Seek First to Understand
Since I became politically aware in the 1970s, I have admired Jimmy and Rosalyn Carter. You don’t have to be a member of a specific political party to know these are people who have committed their lives to serving their family, their community, their country, and their world. The national Rotary Club magazine recently published a tribute to President Carter. Now 93, he still seems vital, thoughtful, and committed to peace in service to the world. He says his work at the Carter Center is mostly about “waging peace.” One of his key beliefs is the importance of engaging with both sides in a conflict to try to “bring about a peaceful understanding between adversaries….” He says that people who have a difference of opinion can often find a resolution. Sadly, the commitment to getting along is vastly missing in current political debate, social media back-and-forth, and interpersonal or organizational discussions.
President and Mrs. Carter have worked for peace and freedom around the world including supporting human rights to health, housing, voting, education, and other things someone would need to live a life of one’s choosing. President Carter talks about respect for those different in some way from ourselves, but who are just as intelligent, ambitious, and hardworking as we are. Often they have similar values we would find out about if we could just talk rather than shout or tweet, harangue or label.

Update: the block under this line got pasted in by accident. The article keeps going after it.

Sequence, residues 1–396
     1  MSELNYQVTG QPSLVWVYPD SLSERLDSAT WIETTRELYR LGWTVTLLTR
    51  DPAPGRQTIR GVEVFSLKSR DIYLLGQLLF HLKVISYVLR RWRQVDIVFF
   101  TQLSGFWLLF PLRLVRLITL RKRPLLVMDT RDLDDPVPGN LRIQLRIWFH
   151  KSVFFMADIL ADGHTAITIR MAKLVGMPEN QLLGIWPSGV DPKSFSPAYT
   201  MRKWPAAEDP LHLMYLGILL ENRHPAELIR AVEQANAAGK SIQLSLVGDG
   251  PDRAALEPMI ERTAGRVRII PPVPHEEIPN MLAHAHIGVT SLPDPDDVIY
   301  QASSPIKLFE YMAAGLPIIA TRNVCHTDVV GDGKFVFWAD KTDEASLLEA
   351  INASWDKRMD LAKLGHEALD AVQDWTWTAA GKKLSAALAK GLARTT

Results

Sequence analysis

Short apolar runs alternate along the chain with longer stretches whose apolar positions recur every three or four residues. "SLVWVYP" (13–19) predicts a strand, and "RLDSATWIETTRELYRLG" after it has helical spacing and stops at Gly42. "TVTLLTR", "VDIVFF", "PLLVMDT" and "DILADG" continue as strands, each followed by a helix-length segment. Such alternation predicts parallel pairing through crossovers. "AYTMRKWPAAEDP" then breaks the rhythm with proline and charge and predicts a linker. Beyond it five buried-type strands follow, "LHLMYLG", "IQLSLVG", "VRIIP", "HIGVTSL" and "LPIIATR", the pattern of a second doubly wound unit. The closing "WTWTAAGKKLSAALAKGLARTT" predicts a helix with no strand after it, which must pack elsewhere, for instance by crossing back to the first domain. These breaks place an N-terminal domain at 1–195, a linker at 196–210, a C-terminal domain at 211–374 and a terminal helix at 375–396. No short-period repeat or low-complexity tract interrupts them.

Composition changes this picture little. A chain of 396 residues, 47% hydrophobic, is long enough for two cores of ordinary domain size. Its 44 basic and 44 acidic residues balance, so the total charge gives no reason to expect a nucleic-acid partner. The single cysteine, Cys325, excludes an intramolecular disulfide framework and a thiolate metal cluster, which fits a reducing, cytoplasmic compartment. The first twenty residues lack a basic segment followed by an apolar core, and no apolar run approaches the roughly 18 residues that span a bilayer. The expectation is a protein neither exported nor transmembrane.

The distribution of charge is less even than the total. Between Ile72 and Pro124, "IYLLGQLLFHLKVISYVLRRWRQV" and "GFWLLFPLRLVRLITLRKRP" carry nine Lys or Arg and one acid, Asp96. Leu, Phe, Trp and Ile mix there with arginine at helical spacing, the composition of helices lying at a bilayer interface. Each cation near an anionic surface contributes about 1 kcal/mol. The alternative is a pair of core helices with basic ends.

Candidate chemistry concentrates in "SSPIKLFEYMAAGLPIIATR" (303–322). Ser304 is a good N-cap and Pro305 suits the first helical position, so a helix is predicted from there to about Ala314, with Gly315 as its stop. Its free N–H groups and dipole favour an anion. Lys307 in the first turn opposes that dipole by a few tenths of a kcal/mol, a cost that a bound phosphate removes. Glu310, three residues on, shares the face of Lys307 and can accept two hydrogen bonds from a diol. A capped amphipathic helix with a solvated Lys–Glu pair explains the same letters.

An article by John Hall, the CEO of Influence & Co., in Forbes Entrepreneurs (13 Simple Ways You Can Have More Meaningful Conversations) on August 18, 2014, gives suggestions on how to connect with others. Perhaps, if we learn to talk to each other, we could get to the goal the Carters advocate: respecting others, even if different from us. Hall suggests that most of our “conversations” fall apart when neither person actually wants to communicate. He provides several steps to meaningful conversation. One is, “Ask good questions” to learn more about the other person. Almost everyone wants to talk about themselves. It is the main way we gather information and connect.
Another way to engagingly communicate is to be genuine. Try to find something about the other that you can relate to. Do you share life experiences such as: Children? College attendance? Career choice? Hobbies? Military experience? Or something else? Hall also suggests trying to find a way you can add value to the other person. Not necessarily giving them advice but perhaps expressing appreciation or valuing of their experience or service. It is also a good idea to recognize a common friend or colleague whom you both may admire.
The fifth habit from Dr. Stephen Covey’s 7 Habits of Highly Effective People, is “Seek First to Understand and then to be Understood.” If you ask about others and listen in a genuine way, find common experiences, and recognize the value of some aspect of the other person, you are a long way toward understanding. It is what the Carters want for us all.